FIG. 18 shows in greater detail, the relationship between the distal end of the laparoscope 44, the fluid flow channel 140 and the nozzle 80. The nozzle 80 has its deflecting head 170 extending or protruding slightly therefrom and positioning the dispensing slot 172 so as to be able to direct the spray across the transparent member 76 as depicted in FIG. 17. The nozzle 80 includes a channel 176 which conducts fluid flow from the fluid flow channel 140 through the head 170 and into communication with the dispensing slot 172.

FIGS. 19 and 20 show in greater detail, the structure of the preferred embodiment of the nozzle 80 for practicing the invention. The nozzle shows the relationship between the head 170, the dispensing slot 172 and a channel 176 for directing the fluid flow into the orifice 172. In the preferred embodiment, the fluid is introduced into the channel at a pressure of approximately 300 mm of Hg above atmosphere and the sizing of the channel 176 and the dispensing slot ;72 are selected so as to dispense the fluid under pressure and with an appropriate fluid flow to effectively remove impeding agents from the exterior surface of the image passing means.

In FIG. 20, the dispensing slot 172 is shown to have sloping walls depicted by dash lines 180. The position of the sloping walls shown by dashed lines 180 together with the width of the slot 172 determines the characteristics and shape of the fluid flow.

FIG. 21 depicts a system for performing a laparoscopic procedure and a method for performing a procedure in a cavity.

The method for performing a procedure within a cavity comprises the step of providing a laparoscope 30 including a rigid elongated sheath tube 32 having a selected length, a distal section and a proximal section. The distal section includes means for defining a distal tip including a fluid tight transparent member capable of passing images as described hereinbefore. The transparent member has an exterior surface located at the distal tip. The laparoscope includes means for defining, at the distal tip, means for directing a fluid flow across the exterior surface of the transparent member to remove therefrom image impeding agents. The laparoscope used in the above step includes the means for directing the fluid flow across the exterior surface of the transparent member to remove therefrom image impeding agents, the step of applying fluid under a predetermined pressure through the fluid flow directing means is performed to remove any image impeding means from the exterior surface of the transparent member. Thus, when the laparoscope 30 is inserted into the peritoneal cavity as illustrated in FIG. 21, applying the fluid under a predetermined pressure is utilized to remove such material as fog or organic material directly from the exterior surface. After the step of applying fluid is performed, the next step is the viewing from the proximal section of the rigid elongated sheath tube of the cavity through the transparent member in the laparoscope. As illustrated in FIG. 21, the method further includes the use of smaller cannula and trocar assemblies 205 to receive working accessories or tools shown as elements 207 and 209. The working tools could be an atraumatic forceps or similar tool. The working tools 207 and 209 are passed through the cannula and trocar assemblies 205 into the peritoneal cavity to perform the surgical procedure such as, for example, to perform the removal of the gallbladder.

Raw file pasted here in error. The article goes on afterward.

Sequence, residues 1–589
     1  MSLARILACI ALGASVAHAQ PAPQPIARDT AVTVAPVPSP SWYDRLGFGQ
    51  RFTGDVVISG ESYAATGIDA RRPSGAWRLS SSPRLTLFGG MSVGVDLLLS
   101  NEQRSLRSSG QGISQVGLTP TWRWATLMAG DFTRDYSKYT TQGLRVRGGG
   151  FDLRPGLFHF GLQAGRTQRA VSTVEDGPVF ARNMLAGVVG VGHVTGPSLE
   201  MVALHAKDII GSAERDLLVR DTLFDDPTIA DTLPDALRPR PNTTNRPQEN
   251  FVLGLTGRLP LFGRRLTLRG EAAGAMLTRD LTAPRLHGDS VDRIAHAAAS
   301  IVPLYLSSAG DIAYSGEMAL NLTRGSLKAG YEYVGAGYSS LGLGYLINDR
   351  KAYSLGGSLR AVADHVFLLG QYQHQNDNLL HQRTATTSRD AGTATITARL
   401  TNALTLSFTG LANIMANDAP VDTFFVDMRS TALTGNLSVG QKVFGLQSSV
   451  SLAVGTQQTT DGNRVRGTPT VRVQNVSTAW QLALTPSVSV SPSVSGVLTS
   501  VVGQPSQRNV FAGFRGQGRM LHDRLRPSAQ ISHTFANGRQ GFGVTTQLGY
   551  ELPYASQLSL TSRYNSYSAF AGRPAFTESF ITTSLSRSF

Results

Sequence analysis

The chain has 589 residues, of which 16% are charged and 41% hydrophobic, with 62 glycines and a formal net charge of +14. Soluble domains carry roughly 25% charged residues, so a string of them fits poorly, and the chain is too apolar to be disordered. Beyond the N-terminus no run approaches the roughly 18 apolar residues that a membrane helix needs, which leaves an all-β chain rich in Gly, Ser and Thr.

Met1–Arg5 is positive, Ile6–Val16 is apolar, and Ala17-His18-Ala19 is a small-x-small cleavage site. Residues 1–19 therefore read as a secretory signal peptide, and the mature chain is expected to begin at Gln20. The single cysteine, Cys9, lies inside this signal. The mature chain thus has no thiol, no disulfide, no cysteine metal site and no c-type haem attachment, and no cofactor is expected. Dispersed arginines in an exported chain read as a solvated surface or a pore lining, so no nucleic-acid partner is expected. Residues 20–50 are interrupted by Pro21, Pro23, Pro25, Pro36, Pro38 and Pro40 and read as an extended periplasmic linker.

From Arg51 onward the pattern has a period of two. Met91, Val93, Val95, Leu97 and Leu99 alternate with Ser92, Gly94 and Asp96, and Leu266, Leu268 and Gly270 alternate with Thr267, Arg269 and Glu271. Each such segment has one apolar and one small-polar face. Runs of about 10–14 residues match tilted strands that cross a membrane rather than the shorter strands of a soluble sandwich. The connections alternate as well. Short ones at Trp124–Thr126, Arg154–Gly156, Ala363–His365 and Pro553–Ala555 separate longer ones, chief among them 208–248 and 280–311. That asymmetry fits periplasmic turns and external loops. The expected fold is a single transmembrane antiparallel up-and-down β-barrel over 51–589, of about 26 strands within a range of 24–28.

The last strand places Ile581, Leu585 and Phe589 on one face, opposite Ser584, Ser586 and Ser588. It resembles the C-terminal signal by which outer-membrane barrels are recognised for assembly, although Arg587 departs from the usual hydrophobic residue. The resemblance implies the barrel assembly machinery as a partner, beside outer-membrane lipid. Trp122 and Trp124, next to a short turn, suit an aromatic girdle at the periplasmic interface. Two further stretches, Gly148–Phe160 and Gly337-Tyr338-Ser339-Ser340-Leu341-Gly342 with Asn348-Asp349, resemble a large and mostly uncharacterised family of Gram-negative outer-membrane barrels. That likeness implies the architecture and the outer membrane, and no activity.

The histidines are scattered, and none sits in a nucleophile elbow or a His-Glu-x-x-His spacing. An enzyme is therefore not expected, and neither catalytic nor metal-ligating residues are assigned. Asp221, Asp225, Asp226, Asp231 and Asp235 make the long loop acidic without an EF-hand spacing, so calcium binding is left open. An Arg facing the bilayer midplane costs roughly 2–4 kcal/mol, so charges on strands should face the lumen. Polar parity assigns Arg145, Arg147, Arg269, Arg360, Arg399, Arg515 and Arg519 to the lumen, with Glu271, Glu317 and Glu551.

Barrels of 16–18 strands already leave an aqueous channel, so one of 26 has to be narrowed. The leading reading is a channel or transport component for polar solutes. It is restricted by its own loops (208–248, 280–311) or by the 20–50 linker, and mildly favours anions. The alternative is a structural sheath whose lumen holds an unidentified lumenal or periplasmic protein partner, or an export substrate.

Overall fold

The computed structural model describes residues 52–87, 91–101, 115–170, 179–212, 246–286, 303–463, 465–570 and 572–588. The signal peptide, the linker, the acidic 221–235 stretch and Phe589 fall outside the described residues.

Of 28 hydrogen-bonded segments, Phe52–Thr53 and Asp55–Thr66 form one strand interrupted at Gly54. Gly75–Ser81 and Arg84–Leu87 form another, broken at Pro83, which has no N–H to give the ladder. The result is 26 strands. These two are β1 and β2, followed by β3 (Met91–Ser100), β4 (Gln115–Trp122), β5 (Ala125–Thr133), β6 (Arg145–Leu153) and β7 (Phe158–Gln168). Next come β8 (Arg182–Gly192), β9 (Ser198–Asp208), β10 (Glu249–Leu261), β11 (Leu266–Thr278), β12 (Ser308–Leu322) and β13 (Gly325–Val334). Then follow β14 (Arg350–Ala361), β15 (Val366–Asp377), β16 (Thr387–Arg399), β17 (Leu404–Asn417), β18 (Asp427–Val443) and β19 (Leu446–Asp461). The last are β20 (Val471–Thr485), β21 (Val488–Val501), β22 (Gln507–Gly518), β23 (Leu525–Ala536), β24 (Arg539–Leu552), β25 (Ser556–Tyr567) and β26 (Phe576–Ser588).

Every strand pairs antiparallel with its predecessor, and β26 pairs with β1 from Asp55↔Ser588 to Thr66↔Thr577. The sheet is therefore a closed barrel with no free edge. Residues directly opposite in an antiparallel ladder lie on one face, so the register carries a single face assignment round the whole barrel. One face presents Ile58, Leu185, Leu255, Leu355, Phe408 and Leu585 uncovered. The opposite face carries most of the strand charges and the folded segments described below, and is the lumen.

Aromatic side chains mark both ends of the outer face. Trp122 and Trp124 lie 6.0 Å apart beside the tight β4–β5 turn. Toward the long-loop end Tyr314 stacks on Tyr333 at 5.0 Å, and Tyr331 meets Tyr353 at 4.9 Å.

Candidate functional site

As illustrated in FIG. 21, the method also includes applying fluid under a predetermined pressure through the irrigation channel which has its opening at port 62. In the embodiment FIG. 21, the source of fluid could be an intravenous ("IV") bag of saline solution which has a blood pressure cuff wrapped around wherein the pressure of the blood pressure cuff is pumped up to about 300 mm of Hg. The fluid is then passed from the intravenous bag, under pressure, through the intravenous tubing 226 and 228 to the laparoscope. The saline solution is utilized for forming the fluid flow and irrigation flow to be used by the surgeon during the procedure to wash the viewing window and to irrigate the operating site.

In the alternative, the irrigation channel can be operatively connected to a high pressure fluid flow device, such as, for example, Karl Storz brand Nezhat-Dorsey hydro-dissection pump which produces pressure from 0 to 775 mm of Hg which is used for hydro-dissection of tissue under direct observation of the laparoscope 30. For hydro-dissection, a higher pressure could be used depending on the procedure.